Please use this identifier to cite or link to this item: https://doi.org/10.15480/882.998
Fulltext available Open Access
Title: Lead market factors for global innovation : emerging evidence from India
Language: English
Authors: Tiwari, Rajnish  
Herstatt, Cornelius 
Keywords: Globalisierung;Globale Innovationen;Vorreitermärkte;Internationalisierung von FuE;Indien;globalization of innovation;lead markets;internationalization of R;frugal innovations;bottom of the pyramid
Issue Date: 2011
Source: http://www.tu-harburg.de/tim/downloads/arbeitspapiere/Working_Paper_61.pdf
Part of Series: Working paper // Technologie- und Innovationsmanagement, Technische Universität Hamburg-Harburg = Arbeitspapier 
Volume number: 61
Abstract (english): Securing access to "lead markets" is generally regarded as a key driver for the increasing globalization of innovation since these are considered to be "early indicators" for emerging customer needs. Such markets, therefore, offer a good chance of uncertainty reduction for in the innovation process of firms. Lead markets are generally defined in terms of product segments within national boundaries and are thought to exist in economies with high per capita income, highly sophisticated markets and high international visibility. We argue that there is increasing evidence of lead market tendencies in certain emerging economies, e.g. India. Both domestic and foreign-owned firms there, in recent years, have produced several internationally acclaimed “frugal innovations”, such as the Tata Nano or GE's handheld ECG machine Mac400. Using several examples we demonstrate that India seems to have emerged as a global hub for low-cost, frugal innovations. In this paper, we seek to crystallize the role of lead markets in globalization of R&D and identify the need for an update/extension to better reflect the changed ground realities. On the basis of emerging evidence we propose that sustained economic growth, voluminous markets, strong domestic technological capabilities, presence of foreign-owned R&D, and favorable government policies may be able to offset some of the disadvantages rooted in traditional deficiencies. Engaging a developing country lead market may be useful for firms in securing better access to markets at the bottom of the economic pyramid worldwide.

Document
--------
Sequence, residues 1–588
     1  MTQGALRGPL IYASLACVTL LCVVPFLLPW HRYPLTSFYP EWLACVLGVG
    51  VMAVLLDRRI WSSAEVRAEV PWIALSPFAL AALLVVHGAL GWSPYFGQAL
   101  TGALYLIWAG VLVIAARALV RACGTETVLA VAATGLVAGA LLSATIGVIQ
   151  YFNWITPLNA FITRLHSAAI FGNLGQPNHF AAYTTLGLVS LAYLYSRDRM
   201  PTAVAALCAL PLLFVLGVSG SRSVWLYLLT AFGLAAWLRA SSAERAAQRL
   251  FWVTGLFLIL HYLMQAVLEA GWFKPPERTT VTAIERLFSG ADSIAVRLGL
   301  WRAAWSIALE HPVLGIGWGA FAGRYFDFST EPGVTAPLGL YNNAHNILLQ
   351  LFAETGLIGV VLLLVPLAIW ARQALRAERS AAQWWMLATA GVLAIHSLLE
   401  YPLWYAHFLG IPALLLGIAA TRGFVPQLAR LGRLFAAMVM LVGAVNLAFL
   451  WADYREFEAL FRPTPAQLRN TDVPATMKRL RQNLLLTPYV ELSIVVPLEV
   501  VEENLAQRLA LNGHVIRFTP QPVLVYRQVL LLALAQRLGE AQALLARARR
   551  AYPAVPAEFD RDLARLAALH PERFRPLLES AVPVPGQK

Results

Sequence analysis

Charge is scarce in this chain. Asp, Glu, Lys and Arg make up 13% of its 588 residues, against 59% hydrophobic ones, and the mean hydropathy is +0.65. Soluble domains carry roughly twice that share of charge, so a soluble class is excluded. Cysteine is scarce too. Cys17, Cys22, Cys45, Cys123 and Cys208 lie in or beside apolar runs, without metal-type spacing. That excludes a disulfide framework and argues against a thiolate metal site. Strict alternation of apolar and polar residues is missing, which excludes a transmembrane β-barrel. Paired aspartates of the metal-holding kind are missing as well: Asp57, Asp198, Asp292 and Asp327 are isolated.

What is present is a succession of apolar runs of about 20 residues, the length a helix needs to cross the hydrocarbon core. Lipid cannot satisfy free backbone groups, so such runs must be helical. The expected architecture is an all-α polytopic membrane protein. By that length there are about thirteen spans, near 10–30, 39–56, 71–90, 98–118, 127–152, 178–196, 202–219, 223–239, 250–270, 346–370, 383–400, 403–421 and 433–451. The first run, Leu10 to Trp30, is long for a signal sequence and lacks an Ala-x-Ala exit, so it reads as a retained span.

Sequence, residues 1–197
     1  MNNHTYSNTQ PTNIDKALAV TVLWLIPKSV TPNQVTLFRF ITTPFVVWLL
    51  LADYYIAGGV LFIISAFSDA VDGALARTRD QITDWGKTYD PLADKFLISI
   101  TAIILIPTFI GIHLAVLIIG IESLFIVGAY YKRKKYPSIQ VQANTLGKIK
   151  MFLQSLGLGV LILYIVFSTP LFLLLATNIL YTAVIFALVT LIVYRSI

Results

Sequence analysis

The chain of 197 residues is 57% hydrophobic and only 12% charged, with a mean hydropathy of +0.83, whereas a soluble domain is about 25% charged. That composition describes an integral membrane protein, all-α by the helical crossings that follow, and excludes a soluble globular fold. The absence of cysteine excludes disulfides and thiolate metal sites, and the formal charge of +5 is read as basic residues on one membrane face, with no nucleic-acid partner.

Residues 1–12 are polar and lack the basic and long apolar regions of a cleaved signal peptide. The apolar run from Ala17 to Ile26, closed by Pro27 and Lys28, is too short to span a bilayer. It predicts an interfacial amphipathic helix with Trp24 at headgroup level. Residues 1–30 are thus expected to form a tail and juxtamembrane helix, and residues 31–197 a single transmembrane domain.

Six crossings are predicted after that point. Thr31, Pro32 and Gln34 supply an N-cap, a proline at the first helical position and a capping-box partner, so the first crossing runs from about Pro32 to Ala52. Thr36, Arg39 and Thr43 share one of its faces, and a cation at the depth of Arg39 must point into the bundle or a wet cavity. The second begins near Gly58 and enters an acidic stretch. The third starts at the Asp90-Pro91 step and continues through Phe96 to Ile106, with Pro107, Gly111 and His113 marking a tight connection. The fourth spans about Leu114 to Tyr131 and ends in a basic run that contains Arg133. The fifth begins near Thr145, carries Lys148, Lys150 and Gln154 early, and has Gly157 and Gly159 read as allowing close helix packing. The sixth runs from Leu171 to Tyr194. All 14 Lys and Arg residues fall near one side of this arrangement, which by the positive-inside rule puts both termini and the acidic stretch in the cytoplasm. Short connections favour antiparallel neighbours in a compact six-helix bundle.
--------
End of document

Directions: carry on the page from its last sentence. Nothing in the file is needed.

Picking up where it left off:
URI: http://tubdok.tub.tuhh.de/handle/11420/1000
DOI: 10.15480/882.998
Institute: Technologie- und Innovationsmanagement W-7 
Type: ResearchPaper
License: http://doku.b.tu-harburg.de/doku/lic_mit_pod.php
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